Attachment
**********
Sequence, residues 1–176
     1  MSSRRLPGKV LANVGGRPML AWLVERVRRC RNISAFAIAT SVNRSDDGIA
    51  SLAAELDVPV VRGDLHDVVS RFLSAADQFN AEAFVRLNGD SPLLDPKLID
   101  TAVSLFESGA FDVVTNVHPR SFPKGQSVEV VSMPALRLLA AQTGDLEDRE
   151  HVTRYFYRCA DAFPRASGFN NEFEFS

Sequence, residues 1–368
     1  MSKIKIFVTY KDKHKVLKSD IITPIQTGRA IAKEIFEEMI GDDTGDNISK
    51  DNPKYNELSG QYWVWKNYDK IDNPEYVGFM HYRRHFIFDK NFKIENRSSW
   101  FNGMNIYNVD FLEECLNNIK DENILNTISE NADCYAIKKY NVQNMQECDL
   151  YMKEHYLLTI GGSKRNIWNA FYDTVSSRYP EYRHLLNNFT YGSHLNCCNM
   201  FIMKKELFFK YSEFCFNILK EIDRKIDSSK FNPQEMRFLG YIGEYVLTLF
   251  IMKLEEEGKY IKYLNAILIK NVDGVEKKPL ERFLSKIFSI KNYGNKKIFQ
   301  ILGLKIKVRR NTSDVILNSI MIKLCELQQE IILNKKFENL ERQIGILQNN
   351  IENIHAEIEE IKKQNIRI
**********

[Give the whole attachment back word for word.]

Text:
Sequence, residues 1–176
     1  MSSRRLPGKV LANVGGRPML AWLVERVRRC RNISAFAIAT SVNRSDDGIA
    51  SLAAELDVPV VRGDLHDVVS RFLSAADQFN AEAFVRLNGD SPLLDPKLID
   101  TAVSLFESGA FDVVTNVHPR SFPKGQSVEV VSMPALRLLA AQTGDLEDRE
   151  HVTRYFYRCA DAFPRASGFN NEFEFS

Sequence, residues 1–368
     1  MSKIKIFVTY KDKHKVLKSD IITPIQTGRA IAKEIFEEMI GDDTGDNISK
    51  DNPKYNELSG QYWVWKNYDK IDNPEYVGFM HYRRHFIFDK NFKIENRSSW
   101  FNGMNIYNVD FLEECLNNIK DENILNTISE NADCYAIKKY NVQNMQECDL
   151  YMKEHYLLTI GGSKRNIWNA FYDTVSSRYP EYRHLLNNFT YGSHLNCCNM
   201  FIMKKELFFK YSEFCFNILK EIDRKIDSSK FNPQEMRFLG YIGEYVLTLF
   251  IMKLEEEGKY IKYLNAILIK NVDGVEKKPL ERFLSKIFSI KNYGNKKIFQ
   301  ILGLKIKVRR NTSDVILNSI MIKLCELQQE IILNKKFENL ERQIGILQNN
   351  IENIHAEIEE IKKQNIRI